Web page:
Sudan is ripe for reform
After an 'Arab Spring' of its own, Sudan is setting out on a new political path. What lies ahead for a country so long in thrall to a hardline autocrat?
Sudan is not the country you may think it is — a hardline, genocidal, Sharia-based military dictatorship battling fractious rebels deep in its oil-rich deserts and mountains. That’s the country you may have imagined under the presidency of Omar al-Bashir — that is, before the eruption of an "Arab Spring" that toppled the longtime autocrat this month.
But that’s only part of the story: at the convergence of the White and Blue Niles, where the capital, Khartoum, is situated, water-skiers cut their wakes, while teenage girls in jeans play ten-pin bowling in shopping malls; at Omdurman, whirling dervishes in long green robes spin themselves into a trance in the Sufi tradition; while in Al Fasher, in Darfur, couples tryst in its public gardens.
And yet this is indeed a deeply troubled country, fraying at the edges. About 300,000 people were killed between 2003 and 2008 in conflict in its three western Darfur provinces — a conflict with distinct elements of genocide, war crimes and crimes against humanity that resulted in the International Criminal Court issuing a warrant of arrest for Bashir in 2010.
The independence of South Sudan in 2011, concluding decades of war that left about 2.5-million dead, took a third of Sudan’s land area and three-quarters of its oil — and provoked secessionist movements in the country’s Nuba Mountains and Blue Nile regions.
Nonprofit watchdogs accused Bashir’s regime — which came to power by coup d’état in 1989, outlawing political parties and instituting Sharia law — of embezzling $9bn in oil revenue. It was the collapse of the agricultural sector that tripled bread prices last December, precipitating the mass demonstrations and bloody clashes with the feared National Intelligence & Security Service (NISS), that culminated in Bashir being ousted by the military on April 11.
But the transitional ruling military council, headed by General Awad Ibn Auf, was immediately thrown into crisis. Some military units actively defended protesters against NISS assault, while Lt-Gen Abdel Fattah al-Burhan, the chief of Sudan’s land forces, negotiated face to face with protesters staging a sit-in outside army headquarters in Khartoum.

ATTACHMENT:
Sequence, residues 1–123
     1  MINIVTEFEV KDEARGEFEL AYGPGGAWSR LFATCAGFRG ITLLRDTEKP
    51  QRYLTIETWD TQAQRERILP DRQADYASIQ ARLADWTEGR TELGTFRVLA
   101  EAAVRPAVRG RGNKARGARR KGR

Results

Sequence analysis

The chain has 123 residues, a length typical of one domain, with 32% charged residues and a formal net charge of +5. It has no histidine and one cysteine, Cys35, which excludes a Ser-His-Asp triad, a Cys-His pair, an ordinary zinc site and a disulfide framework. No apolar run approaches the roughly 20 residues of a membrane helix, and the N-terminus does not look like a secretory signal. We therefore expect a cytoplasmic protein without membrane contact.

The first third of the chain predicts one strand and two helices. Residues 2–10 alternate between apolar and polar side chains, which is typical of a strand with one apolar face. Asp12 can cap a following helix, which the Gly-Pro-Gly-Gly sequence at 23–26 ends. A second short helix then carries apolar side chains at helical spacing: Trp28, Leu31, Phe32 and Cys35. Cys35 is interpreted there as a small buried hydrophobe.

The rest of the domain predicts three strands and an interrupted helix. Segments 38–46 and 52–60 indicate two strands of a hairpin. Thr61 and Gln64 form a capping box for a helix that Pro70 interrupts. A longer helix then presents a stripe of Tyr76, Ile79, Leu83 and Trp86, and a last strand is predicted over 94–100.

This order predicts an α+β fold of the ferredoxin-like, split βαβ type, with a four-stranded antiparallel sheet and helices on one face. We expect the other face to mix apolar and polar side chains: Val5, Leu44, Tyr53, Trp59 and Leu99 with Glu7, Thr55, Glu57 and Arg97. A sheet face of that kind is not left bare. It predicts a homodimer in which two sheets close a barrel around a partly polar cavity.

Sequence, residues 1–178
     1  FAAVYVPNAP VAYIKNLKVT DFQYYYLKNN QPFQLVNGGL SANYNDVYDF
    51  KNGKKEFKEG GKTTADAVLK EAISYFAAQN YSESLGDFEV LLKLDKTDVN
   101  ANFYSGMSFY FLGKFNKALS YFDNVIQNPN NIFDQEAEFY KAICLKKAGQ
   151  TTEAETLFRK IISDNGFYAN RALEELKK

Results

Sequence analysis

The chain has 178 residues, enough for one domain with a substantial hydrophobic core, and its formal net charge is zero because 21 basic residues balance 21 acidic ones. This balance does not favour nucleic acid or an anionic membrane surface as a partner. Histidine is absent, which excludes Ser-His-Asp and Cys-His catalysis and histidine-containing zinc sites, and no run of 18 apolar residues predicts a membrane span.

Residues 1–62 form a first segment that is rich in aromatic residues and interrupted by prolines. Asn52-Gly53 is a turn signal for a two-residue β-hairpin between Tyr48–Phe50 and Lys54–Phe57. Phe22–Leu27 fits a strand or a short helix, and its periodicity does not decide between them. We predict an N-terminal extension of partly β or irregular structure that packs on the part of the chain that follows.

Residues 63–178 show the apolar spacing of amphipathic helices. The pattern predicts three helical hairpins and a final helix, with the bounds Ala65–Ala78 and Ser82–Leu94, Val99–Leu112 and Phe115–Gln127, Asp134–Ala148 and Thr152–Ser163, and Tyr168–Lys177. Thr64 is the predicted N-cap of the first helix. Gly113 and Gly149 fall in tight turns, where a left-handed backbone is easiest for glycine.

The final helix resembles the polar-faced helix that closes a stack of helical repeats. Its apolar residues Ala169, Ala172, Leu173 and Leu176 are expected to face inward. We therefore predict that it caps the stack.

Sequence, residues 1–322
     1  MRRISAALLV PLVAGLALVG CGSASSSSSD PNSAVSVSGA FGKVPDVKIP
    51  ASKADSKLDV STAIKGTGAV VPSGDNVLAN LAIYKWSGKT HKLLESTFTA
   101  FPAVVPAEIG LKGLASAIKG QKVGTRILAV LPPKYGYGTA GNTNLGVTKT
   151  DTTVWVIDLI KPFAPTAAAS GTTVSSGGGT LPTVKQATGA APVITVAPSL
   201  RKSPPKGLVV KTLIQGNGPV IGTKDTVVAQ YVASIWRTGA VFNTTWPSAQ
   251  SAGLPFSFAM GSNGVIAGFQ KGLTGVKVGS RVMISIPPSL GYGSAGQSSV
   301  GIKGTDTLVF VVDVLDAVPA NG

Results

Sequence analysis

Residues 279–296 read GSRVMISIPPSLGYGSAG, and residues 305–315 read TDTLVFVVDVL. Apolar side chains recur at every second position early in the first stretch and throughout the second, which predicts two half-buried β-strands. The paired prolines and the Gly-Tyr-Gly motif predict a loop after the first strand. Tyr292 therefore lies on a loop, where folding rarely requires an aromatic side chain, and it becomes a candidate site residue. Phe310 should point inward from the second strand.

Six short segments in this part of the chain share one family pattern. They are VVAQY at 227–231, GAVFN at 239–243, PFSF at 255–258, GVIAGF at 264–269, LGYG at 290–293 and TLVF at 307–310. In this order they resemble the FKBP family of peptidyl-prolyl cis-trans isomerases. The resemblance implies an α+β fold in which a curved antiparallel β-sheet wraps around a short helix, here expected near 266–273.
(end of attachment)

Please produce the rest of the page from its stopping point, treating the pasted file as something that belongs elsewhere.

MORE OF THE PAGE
Within 36 hours, Ibn Auf had stepped down and Burhan — reputed to have cleaner hands — was installed as transitional leader.
Little is publicly Burhan, but he "oversaw Sudanese troops fighting
in the Saudi-led Yemen war and has close ties to senior Gulf military officials", Reuters reports.
Independent Sudan analyst Paula Cristina Roque tells the FM that the fall of Bashir "provides an important opportunity for change and reform in Sudan".
She says: "During his tenure he systematically destroyed all forms of opposition and mass mobilisation — which in the past had seen very strong student, union and other movements connected to the Communist Party. He also astutely weakened other political parties, securitised the state and waged war on several fronts for three decades while facing international pressure and, more recently, economic hardship."
Nevertheless, this resilience proved insufficient in the face of "months of popular protests and a recalculation by the different branches of the security apparatus".
Several observers have noted the unusual leading role of women — for Sudan, at least — in the protests.
While Roque warns that there are "many risks and obstacles ahead for a democratic transition", early signs are encouraging. The military has assured the safety of protesters, provided they remain peaceable, and offered the country’s opposition groups the opportunity to appoint a prime minister.
Al Jazeera’s Hiba Morgan reported that the military council has said it wants to retain just two cabinet portfolios — those of defence and the interior — though these are the backbone of the security complex.
Opposition parties agree on the need for a swift transition to democracy, but are divided on how to achieve this and in what form.
"If there is the opportunity to begin a reform process, other groups and opposition forces need to be included in this transitional government — including groups from the Nuba Mountains and Blue Nile, the east and Darfur," says Roque. "There needs to be representation from all stakeholders otherwise this won’t be a sustainable transition."
But with Egypt backing the transition, and with the regional political temperature already cooled by the opening of political space in neighbouring Eritrea and Ethiopia, the prospect of a democratic Sudan suddenly seems to be within reach.